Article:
House and Field

When Granny and Grandpa sold the old farmhouse
and gave up their subscription to The Field,
boxes of junk arrived for Dad to house
and soon mildewed editions of The Field
were stacked in every corner of our house.
We should have made a bonfire in the field
or said there was no shelf-space in the house
for such an archive (decades of The Field
whose glossy cow/dog/pheasant/country house/
snow-covered moor/frost-furrowed field
front photographs put life in our dull house
to shame) but for a while I’d take The Field
with me to bed, reading romantic house-
for-sale particulars as tiny field-
mice shivered through the walls inside the house
and owls protested in the moonlit field.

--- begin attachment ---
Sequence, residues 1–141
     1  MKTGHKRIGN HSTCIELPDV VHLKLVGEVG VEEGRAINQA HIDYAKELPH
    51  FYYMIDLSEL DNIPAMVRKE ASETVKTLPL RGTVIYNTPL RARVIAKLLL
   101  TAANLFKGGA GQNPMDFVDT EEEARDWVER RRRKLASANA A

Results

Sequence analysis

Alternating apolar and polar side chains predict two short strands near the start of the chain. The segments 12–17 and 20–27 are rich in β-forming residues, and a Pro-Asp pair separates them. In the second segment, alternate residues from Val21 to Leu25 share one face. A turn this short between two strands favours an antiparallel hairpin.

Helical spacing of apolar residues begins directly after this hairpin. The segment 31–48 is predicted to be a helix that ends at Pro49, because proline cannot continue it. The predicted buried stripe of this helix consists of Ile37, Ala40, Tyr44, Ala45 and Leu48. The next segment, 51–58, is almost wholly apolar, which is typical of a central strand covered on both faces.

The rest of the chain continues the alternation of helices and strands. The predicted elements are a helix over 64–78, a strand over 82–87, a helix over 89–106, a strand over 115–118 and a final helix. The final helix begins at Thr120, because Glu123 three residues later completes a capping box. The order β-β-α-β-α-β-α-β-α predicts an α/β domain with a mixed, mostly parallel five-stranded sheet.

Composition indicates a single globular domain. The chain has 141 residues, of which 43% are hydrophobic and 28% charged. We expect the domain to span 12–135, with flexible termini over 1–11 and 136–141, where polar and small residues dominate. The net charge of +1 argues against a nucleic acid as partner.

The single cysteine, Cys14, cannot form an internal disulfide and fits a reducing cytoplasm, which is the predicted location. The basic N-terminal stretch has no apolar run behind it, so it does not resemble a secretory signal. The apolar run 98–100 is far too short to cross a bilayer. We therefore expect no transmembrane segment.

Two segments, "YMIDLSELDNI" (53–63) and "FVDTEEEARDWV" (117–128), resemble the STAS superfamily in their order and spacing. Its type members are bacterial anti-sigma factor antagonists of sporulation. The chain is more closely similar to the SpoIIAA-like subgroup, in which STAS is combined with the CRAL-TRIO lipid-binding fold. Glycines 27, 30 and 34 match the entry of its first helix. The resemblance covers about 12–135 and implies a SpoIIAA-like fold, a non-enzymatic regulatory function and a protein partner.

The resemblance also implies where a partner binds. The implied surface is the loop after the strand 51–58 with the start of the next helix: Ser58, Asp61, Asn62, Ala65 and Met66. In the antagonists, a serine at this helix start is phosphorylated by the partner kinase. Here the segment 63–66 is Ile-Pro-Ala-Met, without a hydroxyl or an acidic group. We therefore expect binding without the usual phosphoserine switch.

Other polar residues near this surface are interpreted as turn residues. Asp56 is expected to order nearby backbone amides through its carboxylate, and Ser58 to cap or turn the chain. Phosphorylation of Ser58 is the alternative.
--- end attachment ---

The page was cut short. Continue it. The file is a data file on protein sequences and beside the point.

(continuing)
A different life for every different house
addressed me from the pages of The Field
(bread and roses in a Devon long-house,
civil war beside a battlefield,
a lakeshore lodge with steps down to a boat-house,
or a cottage with a pony-field)
but I’d have left our three-dimensioned house
and time-warped over juddering force-fields
to travel back to Granny and Grandpa’s house,
its garden open onto barley-fields
cut into bricks of straw. From their last house
they moved in quick succession to the field
behind the church and Dad cleared out our house.
He packed up every copy of The Field
and left them to the rats in an outhouse
that leant a little closer to the field
whenever it rained. It was my wendy house
but now its timbers rot into the field
as surely as the walls of Dad’s big house
shrink to a room that looks across the field.
I’m not allowed to help about the house
or mow the thistles flowering in the field,
and when his body is an empty house
he wants his ashes scattered in the field,
hoping house and field will never be sold.